For the Journal editors, not only is the Buffett Rule bad, but its portions are small. According to the Congress’s Joint Economic Committee, the Buffett Rule would raise no more than $47 billion in new tax revenues over the next decade, assuming the Bush tax cuts for the rich are allowed to expire. But the combined effect of the Buffett Rule and allowing the Bush tax cuts for taxpayers with income above $250,000 to expire, including letting the top income tax bracket rise to 39.6%, as Obama has proposed, would raise more than $1 trillion additional tax revenues over the next decade. A study by the nonpartisan Tax Policy Center found that those two tax changes would take an additional 5.3% of income of the top 1%, pushing their effective federal tax rate (or how much of their income they paid in all federal taxes) up to 36.8%. That would be just about what the richest 1% paid out in federal taxes in 1979, before three decades of pro-rich tax cuts. They can well afford it. From 1979 to 2007, the after-tax income (corrected for inflation) of the top 1% nearly tripled, increasing 281%, while the income of those in the middle of the distribution of income increased just 35% over those years.
Taxing the Rich, French-Style
The top income-tax bracket in France is already 41%, higher than even the 39.6% rate Obama would impose. In addition, French investors pay a tax of 32.5% on their capital gains as opposed to the 15% rate in the United States. On the other hand, the Sarkozy government enacted a “tax shield” to protect rich taxpayers. This cap stipulates that no taxpayer will pay more than half their income in national taxes (the sum of what they pay in income taxes and other taxes). The tax shield has led to the unseemly practice of the French government writing out large refund check for income taxes withheld to some of its wealthy citizens at the same time it lays off public employees and its budget deficit soars.
Sarkozy’s tax policies were a mixed bag. Early on in his term, his tax cuts, especially the tax shield, overwhelmingly benefited France’s richest 10%, although he also eliminated taxes on overtime pay as a political response to the 35-hour workweek backed by the Socialist Party. After that, Sarkozy went along with imposing an additional 3% levy on taxpayers with a incomes greater than $650,000, and in the recent presidential campaign he pledged not to lower taxes for the rich. Earlier this year he promised, if reelected, to take the lead in pushing for a financial transaction tax (on the trades of stocks and other securities) that he argued would have those who caused the financial crisis “repay for the damage they have caused.” That’s a measure President Obama has never endorsed publicly. Finally, the conservative Sarkozy has endorsed these policies in a country with a tax code that has a wealth tax and a substantial estate tax and where the share of income of the richest 1% is but one half that in the United States.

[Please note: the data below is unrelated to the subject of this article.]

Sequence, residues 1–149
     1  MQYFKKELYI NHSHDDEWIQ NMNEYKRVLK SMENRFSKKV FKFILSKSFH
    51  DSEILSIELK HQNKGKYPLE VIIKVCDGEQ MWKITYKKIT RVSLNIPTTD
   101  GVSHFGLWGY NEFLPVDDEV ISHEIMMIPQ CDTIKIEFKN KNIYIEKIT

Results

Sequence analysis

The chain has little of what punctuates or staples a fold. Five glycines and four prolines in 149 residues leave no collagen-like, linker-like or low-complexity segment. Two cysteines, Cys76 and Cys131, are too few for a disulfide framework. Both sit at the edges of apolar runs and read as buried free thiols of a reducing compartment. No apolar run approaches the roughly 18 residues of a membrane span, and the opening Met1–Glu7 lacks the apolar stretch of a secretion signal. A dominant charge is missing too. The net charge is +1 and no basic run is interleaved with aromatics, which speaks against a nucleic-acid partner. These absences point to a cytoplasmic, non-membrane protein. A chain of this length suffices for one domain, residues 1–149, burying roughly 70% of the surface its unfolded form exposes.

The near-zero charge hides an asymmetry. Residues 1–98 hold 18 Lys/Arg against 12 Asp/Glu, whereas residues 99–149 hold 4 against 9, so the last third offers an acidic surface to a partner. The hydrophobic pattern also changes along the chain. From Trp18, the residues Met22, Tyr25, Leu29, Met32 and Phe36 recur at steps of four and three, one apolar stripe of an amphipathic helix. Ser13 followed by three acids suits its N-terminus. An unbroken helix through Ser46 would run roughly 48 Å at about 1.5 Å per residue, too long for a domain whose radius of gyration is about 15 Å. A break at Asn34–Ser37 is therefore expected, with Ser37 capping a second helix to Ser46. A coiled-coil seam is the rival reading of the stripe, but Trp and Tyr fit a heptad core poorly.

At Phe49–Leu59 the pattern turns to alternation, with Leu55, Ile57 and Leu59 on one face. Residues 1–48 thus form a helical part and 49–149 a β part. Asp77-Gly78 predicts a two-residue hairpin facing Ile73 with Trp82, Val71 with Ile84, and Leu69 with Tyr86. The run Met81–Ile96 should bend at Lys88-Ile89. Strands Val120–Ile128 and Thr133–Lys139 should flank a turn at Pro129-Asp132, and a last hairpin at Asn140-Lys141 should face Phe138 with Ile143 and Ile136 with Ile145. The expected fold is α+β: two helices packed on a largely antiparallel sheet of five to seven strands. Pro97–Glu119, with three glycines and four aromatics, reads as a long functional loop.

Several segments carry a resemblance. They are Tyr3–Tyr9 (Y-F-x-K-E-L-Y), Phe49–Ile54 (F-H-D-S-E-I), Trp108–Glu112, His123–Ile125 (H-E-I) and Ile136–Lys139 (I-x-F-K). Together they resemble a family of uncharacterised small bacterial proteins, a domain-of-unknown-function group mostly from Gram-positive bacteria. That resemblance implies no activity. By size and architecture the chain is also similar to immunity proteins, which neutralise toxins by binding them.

In his debate with Sarkozy, Socialist Party presidential candidate Francois Hollande promised that under his administration, “the richest [w]ould be sending checks to the treasury” and not the other way around. Hollande intends to push up the top French income tax bracket to from 41% to 75% for income over one million euros (or about $1.3 million).
On other economic issues, Hollande would insist that the European Union adopt a “growth pact,” which would include a financial transaction tax and government bonds jointly issued by the Eurozone countries to finance infrastructure projects. On top of that, the Hollande campaign championed financial reforms from banning stock options and management bonuses to separating investment and retail banks, two measures rejected by the Obama administration. We will now see just how much of his economic program Hollande can get enacted in France or across the Eurozone.
No Socialists Here
It is hardly surprising that Mitt Romney’s campaign positions are far to the right of the mainstream of French political debate. Nor is it surprising, even though Republicans contend otherwise, that the Obama campaign’s policies on financial reform and taxation are far from the socialist positions of Hollande. But when it comes to taxing the rich, the Obama campaign’s policies are more conservative than the policies endorsed by France’s center-right ex-president Sarkozy.
If the Obama campaign did no more than add a financial transaction tax, endorsed by Hollande and Sarkozy, to the Buffet Rule and the repeal the Bush tax cuts for the well-to-do, which it already advocates, those measures, if enacted, would counteract a good bit of today’s gaping inequality and financial instability. And that surely would send the Journal editors scurrying off to their medicine cabinets in search of a bottle of Maalox, assuming there is something left in the bottle now that they have had to stomach the news of a “Socialist France.”